2018 Assessment of the Other Rockfish Stock Complex in the Bering Sea and Aleutian Islands
The two most abundant species for Other Rockfish complex are dusky rockfish (Sebastes variabilis) and shortspine thornyhead (SST, Sebastolobus alascanus); therefore, more information is available on these species than the other species in the complex. The complex also includes all species of Sebastes and Sebastolobus, other than Pacific ocean perch (POP, Sebastesalutus), northern rockfish (Sebastes polyspinis), rougheye rockfish (S. aleutianus), and shortraker rockfish (S. borealis). An analysis was conducted in the 2001 Other Rockfish SAFE report to distinguish species expected to occur in the BSAI Other Rockfish complex from rarely observed and potentially misidentified species. The criteria used for the analysis was occurrence in at least one haul of the BSAI surveys and/or occurrence in at least 1% of observed fishery hauls. Using data from 1999-2001, seven species (shortspine thornyhead, dusky rockfish; Sebastes variabilis, redbanded rockfish; Sebastes babcocki, redstripe rockfish; Sebastes proriger, yelloweye rockfish; Sebastes ruberrimus, harlequin rockfish; Sebastes variegatus, and sharpchin rockfish; Sebastes zacentrus) were identified as meeting these criteria. Dark rockfish (Sebastes ciliatus) also met the criteria, but have since been removed from the Other Rockfish complex and is now managed by the State of Alaska. Species composition of these species in survey and catch is summarized in Table 16.1.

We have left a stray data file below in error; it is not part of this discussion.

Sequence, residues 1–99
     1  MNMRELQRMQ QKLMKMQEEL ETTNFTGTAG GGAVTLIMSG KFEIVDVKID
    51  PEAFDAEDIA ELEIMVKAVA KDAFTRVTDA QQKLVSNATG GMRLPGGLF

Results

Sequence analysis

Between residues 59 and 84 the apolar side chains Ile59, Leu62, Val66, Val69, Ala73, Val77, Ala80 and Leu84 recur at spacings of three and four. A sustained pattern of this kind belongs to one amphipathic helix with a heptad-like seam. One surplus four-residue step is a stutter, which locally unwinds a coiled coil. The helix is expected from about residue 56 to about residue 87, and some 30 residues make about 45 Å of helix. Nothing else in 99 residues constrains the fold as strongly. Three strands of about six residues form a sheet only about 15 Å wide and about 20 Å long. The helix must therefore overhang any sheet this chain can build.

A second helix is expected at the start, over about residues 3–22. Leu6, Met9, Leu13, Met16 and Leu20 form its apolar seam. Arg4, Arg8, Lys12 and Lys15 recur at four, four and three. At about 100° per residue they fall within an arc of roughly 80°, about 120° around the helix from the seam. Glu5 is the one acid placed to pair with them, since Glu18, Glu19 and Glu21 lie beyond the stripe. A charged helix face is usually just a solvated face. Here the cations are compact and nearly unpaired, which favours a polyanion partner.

Dusky rockfish and shortspine thornyheads are distributed in different depths and regions of the Bering Sea and Aleutian Islands. Shortspine thornyheads occur throughout the Aleutian Islands (AI) and eastern Bering Sea (EBS) slope but are most abundant in the western Aleutian Islands, where they are found between 200 m and 500 m depth (Reuter and Spencer 2001). In contrast, dusky rockfish are typically captured between 125-200 m in the Aleutian Islands, and are rarely encountered on the EBS slope in either survey or fishery catches.
There is no data on the genetic stock structure of dusky, harlequin, or redbanded rockfish. Isolation by distance population structure has been identified in rockfish species such as copper, brown, and grass rockfishes along the United States west coast (Sebastes caurinus, S. rastrelliger, and S. auriculatus; Buonaccorsi et al. 2002, 2004, 2005), Pacific ocean perch off Alaska (Sebastes alutus; Palof et al. 2011), and northern rockfish in the Bering Sea and Aleutian Islands region of Alaska (Sebastes polyspinis; Gharrett et al. 2012). Given the similarity in life history among rockfish species, it may be hypothesized that such genetic population structure could exist in the species that comprise the Other Rockfish complex. Genetic data suggests that the genus Sebastolobus, which includes all thornyhead rockfish, are subject to genetic population structure (Stepien et al. 2000).